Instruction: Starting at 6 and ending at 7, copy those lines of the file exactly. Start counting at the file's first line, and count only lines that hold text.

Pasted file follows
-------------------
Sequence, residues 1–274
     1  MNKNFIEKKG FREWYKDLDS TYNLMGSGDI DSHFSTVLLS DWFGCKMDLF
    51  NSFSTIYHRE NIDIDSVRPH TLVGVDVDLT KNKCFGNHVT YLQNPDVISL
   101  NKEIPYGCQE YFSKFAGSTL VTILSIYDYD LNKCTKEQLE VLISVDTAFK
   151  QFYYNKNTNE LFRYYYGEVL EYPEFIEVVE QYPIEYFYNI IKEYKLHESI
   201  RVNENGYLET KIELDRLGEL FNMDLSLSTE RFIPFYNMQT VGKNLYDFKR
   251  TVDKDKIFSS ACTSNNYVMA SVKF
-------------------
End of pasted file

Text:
   201  RVNENGYLET KIELDRLGEL FNMDLSLSTE RFIPFYNMQT VGKNLYDFKR
   251  TVDKDKIFSS ACTSNNYVMA SVKF